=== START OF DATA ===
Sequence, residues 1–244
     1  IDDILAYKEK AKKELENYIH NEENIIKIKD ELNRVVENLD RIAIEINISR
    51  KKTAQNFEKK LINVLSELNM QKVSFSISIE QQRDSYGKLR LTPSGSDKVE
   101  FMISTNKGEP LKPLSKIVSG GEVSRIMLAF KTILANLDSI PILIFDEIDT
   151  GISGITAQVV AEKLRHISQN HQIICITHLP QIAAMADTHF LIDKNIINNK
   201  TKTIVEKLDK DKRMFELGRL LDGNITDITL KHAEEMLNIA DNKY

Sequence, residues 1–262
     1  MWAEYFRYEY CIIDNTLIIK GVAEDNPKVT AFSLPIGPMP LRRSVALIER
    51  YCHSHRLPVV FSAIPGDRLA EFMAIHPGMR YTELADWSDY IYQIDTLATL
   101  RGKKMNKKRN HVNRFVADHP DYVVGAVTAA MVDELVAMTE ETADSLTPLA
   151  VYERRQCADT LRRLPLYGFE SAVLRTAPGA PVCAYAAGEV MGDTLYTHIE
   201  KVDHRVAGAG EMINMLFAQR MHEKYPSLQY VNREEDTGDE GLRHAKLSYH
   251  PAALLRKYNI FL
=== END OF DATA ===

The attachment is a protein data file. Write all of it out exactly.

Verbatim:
Sequence, residues 1–244
     1  IDDILAYKEK AKKELENYIH NEENIIKIKD ELNRVVENLD RIAIEINISR
    51  KKTAQNFEKK LINVLSELNM QKVSFSISIE QQRDSYGKLR LTPSGSDKVE
   101  FMISTNKGEP LKPLSKIVSG GEVSRIMLAF KTILANLDSI PILIFDEIDT
   151  GISGITAQVV AEKLRHISQN HQIICITHLP QIAAMADTHF LIDKNIINNK
   201  TKTIVEKLDK DKRMFELGRL LDGNITDITL KHAEEMLNIA DNKY

Sequence, residues 1–262
     1  MWAEYFRYEY CIIDNTLIIK GVAEDNPKVT AFSLPIGPMP LRRSVALIER
    51  YCHSHRLPVV FSAIPGDRLA EFMAIHPGMR YTELADWSDY IYQIDTLATL
   101  RGKKMNKKRN HVNRFVADHP DYVVGAVTAA MVDELVAMTE ETADSLTPLA
   151  VYERRQCADT LRRLPLYGFE SAVLRTAPGA PVCAYAAGEV MGDTLYTHIE
   201  KVDHRVAGAG EMINMLFAQR MHEKYPSLQY VNREEDTGDE GLRHAKLSYH
   251  PAALLRKYNI FL